Maria Sharapova shows ruthless side in loss to Ana Ivanovic in Cincinnati

Ana Ivanovic talks with medical staff during a match against Maria Sharapova during their semi-final match Saturday in Cincinnati. (Photo by Jonathan Moore/Getty Images)

The semi-final match between WTA Tour marquee players Maria Sharapova and Ana Ivanovic in Cincinnati Saturday night might not have featured the best tennis in the game's history – although it had its moments – but it wasn't short on drama.

Ivanovic led by a set and 4-0, then 5-2 before Sharapova mounted a comeback to lead 4-2 in the third set and have match points at 5-4. Ivanovic ended up winning it 6-2, 5-7, 7-5 in two hours and 45 minutes.

But the moment that had social media in an uproar came in the second game of the final set when Ivanovic doubled over, apparently in some distress and in tears, and ended up lying on the court as the tournament physician took her blood pressure.

Sharapova was clearly not impressed; earlier, she also had been unimpressed at Ivanovic leaving the court, asking the chair umpire whether she was merely taking a bathroom break or doing a full wardrobe change. In short, she was not impressed, and perhaps even less impressed with the way she was playing to put herself in such a deep hole.

But she let out a little "bad Maria" after she double-faulted to hand that third-set break back to her opponent.

 It appeared the remark was directed at chair umpire Felix Torralba.

Afterwards, Sharapova said she "never got a clear answer" on what the medical issue was, speculated it might be "anxiety" but that Ivanovic seemed fine afterwards during a long, gruelling point that followed. She deflected a question about the above gesture saying Ivanovic's distress was "strange timing" and just "came out of nowhere," Dr. Sharapova again mentioning she couldn't come up with another possible reason for it other than anxiety.

This, of course, came after the Russian lost a match she appeared on her way to win. Certainly her comments about the lack of information – whether or not there would be a medical timeout – had some validity. If there were, Sharapova would have been allowed to have coach Sven Groeneveld come on court during the treatment.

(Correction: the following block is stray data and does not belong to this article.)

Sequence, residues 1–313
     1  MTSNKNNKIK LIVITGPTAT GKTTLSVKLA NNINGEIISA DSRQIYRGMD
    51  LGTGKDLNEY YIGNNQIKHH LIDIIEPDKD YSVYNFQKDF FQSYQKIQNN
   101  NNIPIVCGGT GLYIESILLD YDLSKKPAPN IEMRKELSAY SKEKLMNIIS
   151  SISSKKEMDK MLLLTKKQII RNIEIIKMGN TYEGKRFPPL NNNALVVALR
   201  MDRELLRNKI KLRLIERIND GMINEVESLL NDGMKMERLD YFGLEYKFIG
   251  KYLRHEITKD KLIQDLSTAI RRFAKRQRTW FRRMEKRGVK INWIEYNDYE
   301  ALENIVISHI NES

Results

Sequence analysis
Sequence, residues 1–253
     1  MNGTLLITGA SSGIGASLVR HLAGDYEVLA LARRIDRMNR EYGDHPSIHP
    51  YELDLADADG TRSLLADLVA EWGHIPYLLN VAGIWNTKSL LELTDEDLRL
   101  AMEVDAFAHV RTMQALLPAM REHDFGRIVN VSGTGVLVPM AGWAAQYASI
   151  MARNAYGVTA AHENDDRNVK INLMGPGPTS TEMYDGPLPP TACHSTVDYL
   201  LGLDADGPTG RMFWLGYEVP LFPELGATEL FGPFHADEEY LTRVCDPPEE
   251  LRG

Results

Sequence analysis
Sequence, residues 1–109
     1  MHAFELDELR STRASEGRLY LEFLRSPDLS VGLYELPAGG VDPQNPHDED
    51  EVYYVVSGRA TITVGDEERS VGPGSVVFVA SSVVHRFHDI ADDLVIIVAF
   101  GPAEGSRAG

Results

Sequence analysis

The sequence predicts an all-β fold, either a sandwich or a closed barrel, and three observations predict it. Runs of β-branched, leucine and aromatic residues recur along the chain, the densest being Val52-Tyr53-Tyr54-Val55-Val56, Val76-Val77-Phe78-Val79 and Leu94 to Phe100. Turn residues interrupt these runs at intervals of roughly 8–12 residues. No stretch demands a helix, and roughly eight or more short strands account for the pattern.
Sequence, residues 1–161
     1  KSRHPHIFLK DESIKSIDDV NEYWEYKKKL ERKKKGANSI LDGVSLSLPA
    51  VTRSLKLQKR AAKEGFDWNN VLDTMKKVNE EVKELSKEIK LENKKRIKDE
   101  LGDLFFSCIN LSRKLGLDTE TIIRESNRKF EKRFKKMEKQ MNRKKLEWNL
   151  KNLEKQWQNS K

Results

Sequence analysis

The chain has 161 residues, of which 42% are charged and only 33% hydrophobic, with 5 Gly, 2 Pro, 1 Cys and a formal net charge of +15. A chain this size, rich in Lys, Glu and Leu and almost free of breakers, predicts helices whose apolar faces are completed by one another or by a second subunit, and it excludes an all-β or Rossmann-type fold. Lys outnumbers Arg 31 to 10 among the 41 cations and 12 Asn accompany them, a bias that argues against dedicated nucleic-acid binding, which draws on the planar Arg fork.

Maria Sharapova, from Russia, reacts in a semifinal against Ana Ivanovic, from Serbia, at the Western & Southern Open tennis tournament, Saturday, Aug. 16, 2014, in Mason, Ohio. Ivanovic won 6-2, 5-7, 7-5. (AP Photo/David Kohl)

Ivanovic has had the occasional on-court medical incident in the past. One that comes to mind came at Indian Wells in 2012 during a match against Ksenia Pervak.

Ivanovic landed after a serve, and doubled over, saying later she felt dizzy and that she thought "it was just a little bit of excitement and everything." She sat down for quite awhile in the middle of the match, as she and the trainer waited for the doctor.

"Yeah, I just said after I landed after that serve I just felt so dizzy.  And then they wanted to track my blood pressure.  I was like, I'm fine, I'm fine.  I didn't want to cause any pause," she said.

Ironically, Ivanovic ended up retiring in her match against a concerned-looking Sharapova in the semis of that tournament, after having a medical timeout to treat a hip injury.

Maria Sharapova shows her concern after Ana Ivanovic retires from their semi-final match at Indian Wells in 2012. (AP Photo/Darron Cummings)

In Cincinnati, while they took her blood pressure, Ivanovic thought it might have been something she ate.

“I think I ate something bad today. When my coach was coming out, I kept telling him I don’t feel good, like my stomach is really upset. Then it really built up in the third set, and I was not feeling fine. They gave me some pills, and after some games it was better," Ivanovic told the media in Cincinnati afterwards.

It wasn't Sharapova's finest hour. But sometimes it's fascinating to take a look behind curtain of the composed, controlled exterior.

Ivanovic plays Serena Williams in the Cincinnati final today.


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